Opioid and the Construction Industry
3 steps for building an effective drug detection & rehabilitation program

In 2017, the United States Department of Health and Human Services declared the opioid epidemic a public health emergency, and the construction industry certainly isn’t immune. According to a recent national study, an estimated 15 percent of construction workers have a substance abuse disorder—nearly double the national average of 8.6 percent.

As such, the industry has been hit hard by the opioid crisis. Construction is one of the most demanding and dangerous occupations in the U.S., requiring workers to pull, lift and move debris and building materials, as well as operate heavy machinery daily, resulting in physical wear and tear on the body. Historically, physicians have been quick to prescribe narcotics for pain, which carry addictive qualities and repercussions for dependence. Consequently, users continue to require larger doses for pain relief, which may lead to illegal drug use if individuals are no longer able to access prescription drugs—a common occurrence since doctors are now closely monitored and urged not to write prescriptions for controlled substances as often.

It’s difficult for employers to know if their workers are using prescribed opioids, unless the employee was injured in a work-related incident. Following are three steps for creating and implementing a successful substance abuse program in your company.

1. Provide Education

Educate your entire company—from laborers to the executive team. It is critical that everyone understands that the drug problem (whether legal or illegal use) exists and that it’s counterproductive and dangerous for all involved to turn a blind eye. It’s also important for them to fully understand the corporate substance-abuse policy and how every employee is required to comply.

Most policies state that legally prescribed drugs are permitted on company premises or jobsites, provided the drugs are contained in the original prescription container and are prescribed by an accredited medical practitioner. However, an employee undergoing medical treatment with a drug or controlled substance that may alter his or her physical or mental ability to perform his or her job assignments must immediately notify his or her supervisor, as it may be necessary to change or monitor the employee’s job assignments while undergoing treatment.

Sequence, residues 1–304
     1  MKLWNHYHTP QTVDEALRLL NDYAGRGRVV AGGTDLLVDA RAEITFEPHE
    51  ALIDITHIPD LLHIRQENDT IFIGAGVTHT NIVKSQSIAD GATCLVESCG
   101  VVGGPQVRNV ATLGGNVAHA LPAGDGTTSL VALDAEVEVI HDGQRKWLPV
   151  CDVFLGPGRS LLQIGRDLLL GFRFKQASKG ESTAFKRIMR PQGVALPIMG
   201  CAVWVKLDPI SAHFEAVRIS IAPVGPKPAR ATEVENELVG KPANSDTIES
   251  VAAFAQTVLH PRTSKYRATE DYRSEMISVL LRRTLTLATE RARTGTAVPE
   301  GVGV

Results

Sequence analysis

2. Identify Drug Use

Along with education, a drug-testing program should be viewed as the first step in the fight against opioids. Your office drug-testing program should mirror your field program. It’s important to keep procedures the same across the board. If consistency is lacking, there is the chance of undermining the program, as well as incurring legal implications. Reasonable-suspicion training, which helps supervisors detect signs and symptoms of alcohol and drug abuse, can have a significant impact on detection.

It’s imperative to remember that you are dealing with real people and their livelihoods. If someone is suspected of abusing drugs, have a manager professionally address that individual, remove them from the work area, and send them in for a reasonable-suspicion drug test.

3. Address Detection

If the results of an employee’s screening are positive, assist that person by connecting him or her with your organization’s employee assistance program (EAP). All tests obtained or received by the employer should remain confidential; only personnel with a direct need to know should be informed of results.

Some organizations’ policies state that the employee can return to work after 30 days of progress and a negative follow-up drug test. However, your EAP counselor is best able to make an assessment. After that, the employee must agree to at-will drug testing, meaning the employer can request a test at any time and frequency, without reasonable cause.

Some construction companies deal with drug abuse by terminating the employee outright, but it’s vital to understand that everyone has shortcomings, and when given a second chance, many employees will prioritize family and jobs and accept the help that is offered. If the person is caught with illegal or unauthorized drugs in their system a second time, termination is then necessary. This second-chance method has proven effective because it shows compassion for employees and offers them the opportunity to rectify the situation and personally succeed. Still, while empathy is important when dealing with drug abuse, never sacrifice the safety of your employees, which should always remain your top priority.

A great deal of construction companies are built on family values and a desire to see employees succeed, realizing that it’s beneficial for all to get someone struggling with substance abuse the help they need so that they can continue to work and support their family. Once these employees complete their rehabilitation program and return to work, they tend to have a renewed appreciation for the company and its leaders. Many companies have found that some of their best employees, who have experienced substance-abuse issues and recovered, go on to become some of the best supervisors due to the fostering of mutual respect and a willingness to invest in them.

While battling addiction is no easy task, this three-step approach is not difficult for construction companies to replicate and implement. If your company does not have a set plan for preventing and addressing substance use or is looking to revise the current plan, a beneficial place to start is by speaking with a representative of your EAP, a drug and alcohol prevention center, your insurance provider, and/or your local unions (when applicable) to find out more about programs they have in place.